Police arrest suspect at Gatwick as inquiries focus on British links to hijack conspiracy

War on Terrorism: Investigation
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Police are questioning a terrorist suspect who was arrested at Gatwick airport while preparing to board a flight for the United States.

The man, aged 36, was following a similar route to 11 suicide hijackers who passed through Britain from Dubai earlier this year on their way to carry out the attacks on New York and Washington.

American investigators are increasingly focusing on Europe, where more than 30 people have been arrested since the attacks of 11 September on suspicion of having links with Osama bin Laden.

While the attacks are believed to have been planned in Germany, London is increasingly being seen as a important stopping-off point. Ten of the 19 hijackers travelled from Dubai and stopped off in London for only a few hours between April and June. The 11th hijacker may have stayed longer, Scotland Yard said last week.

Sussex Police declined to say yesterday if the man arrested at Gatwick on Friday had travelled from Dubai. "A 36-year-old man was arrested at Gatwick while in transit to the USA and detained under the Prevention of Terrorism Act," a spokesman said. Under the Act, police can detain suspects for seven days without charge.

Another important figure in the investigation is Habib Zacarias Moussaoui, who lived and studied in Brixton, south London. He is strongly suspected of being a would-be 20th hijacker but he was arrested by the FBI before the attacks for US immigration violations. Police are still trying to trace Mr Moussaoui's girlfriend.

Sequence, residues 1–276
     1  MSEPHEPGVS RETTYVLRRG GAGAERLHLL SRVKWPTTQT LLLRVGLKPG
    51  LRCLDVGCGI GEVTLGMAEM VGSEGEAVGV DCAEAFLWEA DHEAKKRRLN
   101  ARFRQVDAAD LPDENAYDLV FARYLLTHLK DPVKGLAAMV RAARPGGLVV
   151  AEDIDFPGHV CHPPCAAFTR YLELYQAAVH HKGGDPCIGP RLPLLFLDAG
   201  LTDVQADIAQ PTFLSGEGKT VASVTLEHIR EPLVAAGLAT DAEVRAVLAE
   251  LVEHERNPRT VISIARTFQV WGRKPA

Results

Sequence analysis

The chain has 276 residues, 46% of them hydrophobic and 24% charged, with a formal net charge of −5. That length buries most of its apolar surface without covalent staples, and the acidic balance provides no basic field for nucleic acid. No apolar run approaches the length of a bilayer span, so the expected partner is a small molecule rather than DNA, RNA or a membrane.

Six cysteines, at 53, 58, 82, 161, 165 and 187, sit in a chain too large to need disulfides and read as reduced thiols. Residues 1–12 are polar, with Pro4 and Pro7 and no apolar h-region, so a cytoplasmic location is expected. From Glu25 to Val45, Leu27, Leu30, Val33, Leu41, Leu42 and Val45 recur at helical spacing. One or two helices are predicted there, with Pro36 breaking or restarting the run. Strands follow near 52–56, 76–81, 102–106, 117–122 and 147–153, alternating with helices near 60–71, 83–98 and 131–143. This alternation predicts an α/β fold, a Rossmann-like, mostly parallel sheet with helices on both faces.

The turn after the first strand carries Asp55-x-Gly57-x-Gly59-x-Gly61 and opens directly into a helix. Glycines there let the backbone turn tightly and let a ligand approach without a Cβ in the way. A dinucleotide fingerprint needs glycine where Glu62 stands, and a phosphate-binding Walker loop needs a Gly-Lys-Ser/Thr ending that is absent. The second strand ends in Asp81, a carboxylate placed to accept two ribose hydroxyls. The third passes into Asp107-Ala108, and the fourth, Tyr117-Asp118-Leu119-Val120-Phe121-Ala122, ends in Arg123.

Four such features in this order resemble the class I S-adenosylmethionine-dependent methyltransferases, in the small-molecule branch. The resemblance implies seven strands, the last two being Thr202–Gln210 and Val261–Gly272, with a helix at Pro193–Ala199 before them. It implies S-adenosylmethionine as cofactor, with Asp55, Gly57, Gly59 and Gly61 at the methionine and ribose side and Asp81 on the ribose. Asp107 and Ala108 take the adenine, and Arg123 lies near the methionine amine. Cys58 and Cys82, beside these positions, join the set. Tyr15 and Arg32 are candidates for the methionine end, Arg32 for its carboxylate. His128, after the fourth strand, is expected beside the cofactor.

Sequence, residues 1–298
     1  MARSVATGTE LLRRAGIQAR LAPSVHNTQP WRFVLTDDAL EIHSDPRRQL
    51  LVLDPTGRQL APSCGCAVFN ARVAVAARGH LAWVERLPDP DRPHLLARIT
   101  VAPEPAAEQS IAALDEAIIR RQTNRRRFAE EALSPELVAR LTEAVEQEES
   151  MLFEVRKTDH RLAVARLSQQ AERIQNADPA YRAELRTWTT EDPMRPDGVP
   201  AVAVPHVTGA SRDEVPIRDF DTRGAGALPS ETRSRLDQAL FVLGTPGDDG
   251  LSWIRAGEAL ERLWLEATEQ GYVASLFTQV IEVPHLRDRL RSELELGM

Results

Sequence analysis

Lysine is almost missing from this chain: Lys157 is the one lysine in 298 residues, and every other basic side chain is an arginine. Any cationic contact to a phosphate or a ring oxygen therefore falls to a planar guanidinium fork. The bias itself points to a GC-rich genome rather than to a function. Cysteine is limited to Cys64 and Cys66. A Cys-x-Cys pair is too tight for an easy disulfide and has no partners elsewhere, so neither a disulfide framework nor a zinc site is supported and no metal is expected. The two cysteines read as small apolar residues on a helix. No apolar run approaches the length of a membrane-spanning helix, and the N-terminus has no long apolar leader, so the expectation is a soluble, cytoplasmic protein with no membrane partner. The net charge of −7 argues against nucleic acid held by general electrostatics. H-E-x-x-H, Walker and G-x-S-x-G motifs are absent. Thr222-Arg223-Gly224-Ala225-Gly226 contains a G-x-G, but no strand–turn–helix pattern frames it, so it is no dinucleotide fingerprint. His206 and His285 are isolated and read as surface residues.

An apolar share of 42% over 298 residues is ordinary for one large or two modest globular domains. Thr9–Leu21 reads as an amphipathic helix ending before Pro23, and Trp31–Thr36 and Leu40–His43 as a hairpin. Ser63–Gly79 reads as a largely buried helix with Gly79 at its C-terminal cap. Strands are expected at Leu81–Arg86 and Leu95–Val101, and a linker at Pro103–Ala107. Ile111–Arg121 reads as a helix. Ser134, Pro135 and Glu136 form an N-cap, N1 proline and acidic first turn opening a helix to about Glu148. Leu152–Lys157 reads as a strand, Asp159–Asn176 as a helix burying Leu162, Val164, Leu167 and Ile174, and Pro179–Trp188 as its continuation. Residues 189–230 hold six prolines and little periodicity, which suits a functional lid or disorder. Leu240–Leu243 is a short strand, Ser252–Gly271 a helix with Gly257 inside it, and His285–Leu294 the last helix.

His mother said that her son, the youngest of four, had suddenly turned from being a tearaway to a devout Muslim, in the early 1990s. Aicha Moussaoui, a French Moroccan and non-practising Muslim who lives in Narbonne, south-west France, said her son had told her he considered her a "heretic" after he became a disciple of Wahhabism, the Islamic code followed by the Taliban and Osama bin Laden.

Mrs Moussaoui said her son, known as Zac to his family, had come under the influence of Wahhabists after studying at university in Perpignan, near Narbonne, and left for London in 1990. He had felt he would have greater freedom to practise his faith in Britain, and in London he came into contact with religious groups financed from Saudi Arabia, she said.

The French newspaper Le Monde said Mr Moussaoui used to spend his spare time smoking cannabis, night clubbing and watching pornographic films. The newspaper said he and an older brother were so out of control that their mother, a single parent, would have to call the police to fetch them home.

Mrs Moussaoui said she believed the root of the delinquency of her son was institutional racism in the French education system. The only news she had had in four years was a phone call on 12 September saying he was accused of involvement in the US attacks.

At the weekend, police were granted permission to hold two men detained last week in Leicester until tomorrow. The two, said to be French-speaking Muslims, are being questioned over planned attacks on US targets in Europe. Plans to bomb the American embassy in Paris were unveiled when, Djamel Begal, a former British resident, was arrested with a false passport in Dubai in July.

A third man arrested in Leicester, Kamel Daoudi, 27, said to be a member of the militant Islamic group Takfir-wal-Hijra, was handed over to French police on Saturday. British police are still questioning Lotfi Raissi, an Algerian pilot who allegedly taught four of the suicide hijackers how to fly.

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